Disabled people across the country are facing a “serious and real risk” of eviction because of the government’s “bedroom tax”, according to lawyers representing 10 disabled people and their families in a key court case.
The warning came as the high court began a three-day hearing into the 10 claims brought against the housing benefit regulations that came into force on 1 April.
The claimants are all arguing that the regulations discriminate against people who need larger accommodation because of their impairment.
The Equality and Human Rights Commission has “intervened” in the case, to argue that the new regulations could breach the Human Rights Act, the UK government’s duties under the UN Convention on the Rights of Persons with Disabilities, and the Equality Act’s public sector equality duty.
Government figures suggest that more than 400,000 disabled people will be hit by the introduction of the bedroom tax, which will see tenants in social housing punished financially if they are assessed as “under-occupying” their homes.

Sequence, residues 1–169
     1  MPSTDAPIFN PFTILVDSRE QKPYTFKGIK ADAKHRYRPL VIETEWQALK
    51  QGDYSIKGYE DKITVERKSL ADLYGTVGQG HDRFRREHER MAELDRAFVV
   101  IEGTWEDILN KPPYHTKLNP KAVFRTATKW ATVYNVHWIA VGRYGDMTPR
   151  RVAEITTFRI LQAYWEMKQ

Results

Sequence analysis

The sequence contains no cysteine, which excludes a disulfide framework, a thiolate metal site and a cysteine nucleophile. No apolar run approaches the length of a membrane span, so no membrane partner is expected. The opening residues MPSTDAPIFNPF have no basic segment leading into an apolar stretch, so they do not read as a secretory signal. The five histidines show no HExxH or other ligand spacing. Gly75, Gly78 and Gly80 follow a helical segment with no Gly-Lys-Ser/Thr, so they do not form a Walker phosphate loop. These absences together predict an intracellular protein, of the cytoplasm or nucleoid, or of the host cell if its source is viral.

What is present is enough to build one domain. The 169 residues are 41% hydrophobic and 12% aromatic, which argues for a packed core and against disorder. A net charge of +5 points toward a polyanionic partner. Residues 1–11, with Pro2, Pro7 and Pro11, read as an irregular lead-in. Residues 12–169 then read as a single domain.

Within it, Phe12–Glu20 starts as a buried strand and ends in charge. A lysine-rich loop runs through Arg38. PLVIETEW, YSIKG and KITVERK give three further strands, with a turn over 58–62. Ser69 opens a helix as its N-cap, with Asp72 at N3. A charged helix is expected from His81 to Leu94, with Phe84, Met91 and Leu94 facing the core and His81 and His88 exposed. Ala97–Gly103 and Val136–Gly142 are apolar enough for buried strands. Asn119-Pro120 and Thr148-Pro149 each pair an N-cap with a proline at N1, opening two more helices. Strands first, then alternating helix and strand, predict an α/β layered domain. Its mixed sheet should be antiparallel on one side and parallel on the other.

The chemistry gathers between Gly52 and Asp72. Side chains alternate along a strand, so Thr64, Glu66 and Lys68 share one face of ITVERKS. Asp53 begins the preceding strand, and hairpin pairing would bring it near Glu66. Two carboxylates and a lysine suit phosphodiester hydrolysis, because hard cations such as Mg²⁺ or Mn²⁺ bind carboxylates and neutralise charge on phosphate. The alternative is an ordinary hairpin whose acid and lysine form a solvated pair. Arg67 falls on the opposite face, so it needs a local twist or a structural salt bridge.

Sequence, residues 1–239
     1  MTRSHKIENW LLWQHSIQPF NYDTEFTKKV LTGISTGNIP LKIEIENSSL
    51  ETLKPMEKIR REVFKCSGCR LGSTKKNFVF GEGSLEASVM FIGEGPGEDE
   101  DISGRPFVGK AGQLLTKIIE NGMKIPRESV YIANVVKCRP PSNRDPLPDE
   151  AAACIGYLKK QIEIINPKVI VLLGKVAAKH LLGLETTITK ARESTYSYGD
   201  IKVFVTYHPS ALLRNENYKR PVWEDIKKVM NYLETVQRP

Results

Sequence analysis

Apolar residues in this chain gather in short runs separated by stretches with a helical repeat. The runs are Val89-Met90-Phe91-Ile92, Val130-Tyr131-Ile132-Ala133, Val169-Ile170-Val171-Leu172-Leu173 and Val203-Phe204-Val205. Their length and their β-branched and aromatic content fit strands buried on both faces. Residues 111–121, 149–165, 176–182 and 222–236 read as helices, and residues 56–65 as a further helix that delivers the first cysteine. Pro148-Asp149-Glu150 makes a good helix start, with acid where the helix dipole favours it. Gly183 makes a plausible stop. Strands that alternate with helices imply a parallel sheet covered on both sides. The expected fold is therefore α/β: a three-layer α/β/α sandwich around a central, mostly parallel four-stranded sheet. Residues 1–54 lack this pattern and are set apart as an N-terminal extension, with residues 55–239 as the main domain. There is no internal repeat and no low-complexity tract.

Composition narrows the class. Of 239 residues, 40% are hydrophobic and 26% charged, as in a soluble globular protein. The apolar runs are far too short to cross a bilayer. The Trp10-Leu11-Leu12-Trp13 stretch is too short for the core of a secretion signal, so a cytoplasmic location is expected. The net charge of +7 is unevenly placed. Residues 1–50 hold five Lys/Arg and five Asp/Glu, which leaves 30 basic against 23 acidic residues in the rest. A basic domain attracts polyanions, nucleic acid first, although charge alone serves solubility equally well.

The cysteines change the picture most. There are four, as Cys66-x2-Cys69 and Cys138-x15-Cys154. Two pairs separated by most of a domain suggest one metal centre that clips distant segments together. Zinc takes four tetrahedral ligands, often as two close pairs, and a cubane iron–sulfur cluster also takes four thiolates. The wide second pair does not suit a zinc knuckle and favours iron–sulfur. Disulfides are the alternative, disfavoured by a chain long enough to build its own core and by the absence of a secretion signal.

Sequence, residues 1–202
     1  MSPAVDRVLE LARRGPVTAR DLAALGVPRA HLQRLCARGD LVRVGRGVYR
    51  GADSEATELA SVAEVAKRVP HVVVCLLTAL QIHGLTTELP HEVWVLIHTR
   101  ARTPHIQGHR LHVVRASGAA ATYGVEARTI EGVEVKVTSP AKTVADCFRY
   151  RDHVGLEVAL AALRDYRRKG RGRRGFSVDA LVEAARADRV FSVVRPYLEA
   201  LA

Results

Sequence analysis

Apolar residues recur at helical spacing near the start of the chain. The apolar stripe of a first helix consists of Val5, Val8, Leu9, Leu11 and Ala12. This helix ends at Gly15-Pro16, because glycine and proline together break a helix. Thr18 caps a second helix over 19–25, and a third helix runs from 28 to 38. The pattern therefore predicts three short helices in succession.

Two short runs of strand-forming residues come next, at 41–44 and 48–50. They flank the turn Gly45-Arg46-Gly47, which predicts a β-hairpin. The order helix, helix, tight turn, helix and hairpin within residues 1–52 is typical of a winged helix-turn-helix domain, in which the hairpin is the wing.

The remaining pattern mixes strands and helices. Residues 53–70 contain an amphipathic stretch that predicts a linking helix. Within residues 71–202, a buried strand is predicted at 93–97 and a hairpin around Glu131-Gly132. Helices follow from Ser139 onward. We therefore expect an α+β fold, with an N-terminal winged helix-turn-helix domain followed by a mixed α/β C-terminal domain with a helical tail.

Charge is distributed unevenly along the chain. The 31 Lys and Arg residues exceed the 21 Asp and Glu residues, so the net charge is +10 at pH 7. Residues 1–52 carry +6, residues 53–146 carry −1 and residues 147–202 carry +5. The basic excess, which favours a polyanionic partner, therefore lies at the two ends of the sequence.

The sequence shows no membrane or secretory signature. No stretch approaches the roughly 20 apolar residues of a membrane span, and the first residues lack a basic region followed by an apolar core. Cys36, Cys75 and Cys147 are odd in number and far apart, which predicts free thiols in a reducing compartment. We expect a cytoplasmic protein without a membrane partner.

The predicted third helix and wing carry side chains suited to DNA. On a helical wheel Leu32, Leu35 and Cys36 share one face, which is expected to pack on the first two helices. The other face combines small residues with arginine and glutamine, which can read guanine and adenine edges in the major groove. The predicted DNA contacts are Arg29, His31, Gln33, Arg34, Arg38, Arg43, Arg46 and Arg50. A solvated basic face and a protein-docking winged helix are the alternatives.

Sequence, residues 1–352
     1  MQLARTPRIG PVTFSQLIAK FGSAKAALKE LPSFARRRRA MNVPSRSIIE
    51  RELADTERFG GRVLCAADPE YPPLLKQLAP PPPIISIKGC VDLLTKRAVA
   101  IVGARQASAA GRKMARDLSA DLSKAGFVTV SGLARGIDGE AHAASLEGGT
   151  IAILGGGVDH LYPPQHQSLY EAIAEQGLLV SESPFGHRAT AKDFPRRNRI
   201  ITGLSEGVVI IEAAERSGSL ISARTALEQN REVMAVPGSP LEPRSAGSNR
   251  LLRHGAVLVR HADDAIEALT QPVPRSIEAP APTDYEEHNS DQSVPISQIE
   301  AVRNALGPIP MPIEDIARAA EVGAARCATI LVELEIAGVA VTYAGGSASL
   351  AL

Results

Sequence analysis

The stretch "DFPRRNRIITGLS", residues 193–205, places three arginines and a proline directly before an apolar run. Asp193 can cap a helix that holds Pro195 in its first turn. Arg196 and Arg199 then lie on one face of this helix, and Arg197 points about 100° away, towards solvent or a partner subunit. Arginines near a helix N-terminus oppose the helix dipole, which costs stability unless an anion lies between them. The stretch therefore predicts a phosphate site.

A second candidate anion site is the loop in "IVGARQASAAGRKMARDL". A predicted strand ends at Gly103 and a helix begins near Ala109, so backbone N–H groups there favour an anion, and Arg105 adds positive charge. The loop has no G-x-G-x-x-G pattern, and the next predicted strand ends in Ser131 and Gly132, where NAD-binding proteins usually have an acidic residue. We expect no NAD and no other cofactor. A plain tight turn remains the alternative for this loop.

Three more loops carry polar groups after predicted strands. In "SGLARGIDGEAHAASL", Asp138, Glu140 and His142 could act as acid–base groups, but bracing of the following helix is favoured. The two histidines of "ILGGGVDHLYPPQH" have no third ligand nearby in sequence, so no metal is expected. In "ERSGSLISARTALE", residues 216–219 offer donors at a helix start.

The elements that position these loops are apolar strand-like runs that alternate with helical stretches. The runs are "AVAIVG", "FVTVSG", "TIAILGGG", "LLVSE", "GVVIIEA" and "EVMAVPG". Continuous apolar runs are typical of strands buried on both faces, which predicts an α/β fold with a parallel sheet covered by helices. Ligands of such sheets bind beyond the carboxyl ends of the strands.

But campaigners believe the true numbers will be even higher, as the government figures only relate to disabled people who claim disability benefits.
DPAC believes the bedroom tax needs to be scrapped and that “concerted campaigning” – similar to the widespread and successful resistance to the poll tax in the 1980s – was needed “to force a u-turn”.
But she said: “The message for disabled people from DPAC is not to despair if they cannot pay and cannot move and start to get into arrears. This rotten policy is unworkable. People who are worried or frightened need to seek support but not panic.”
“There is a serious and real risk of disabled people being evicted. It is absolutely what is going to happen.”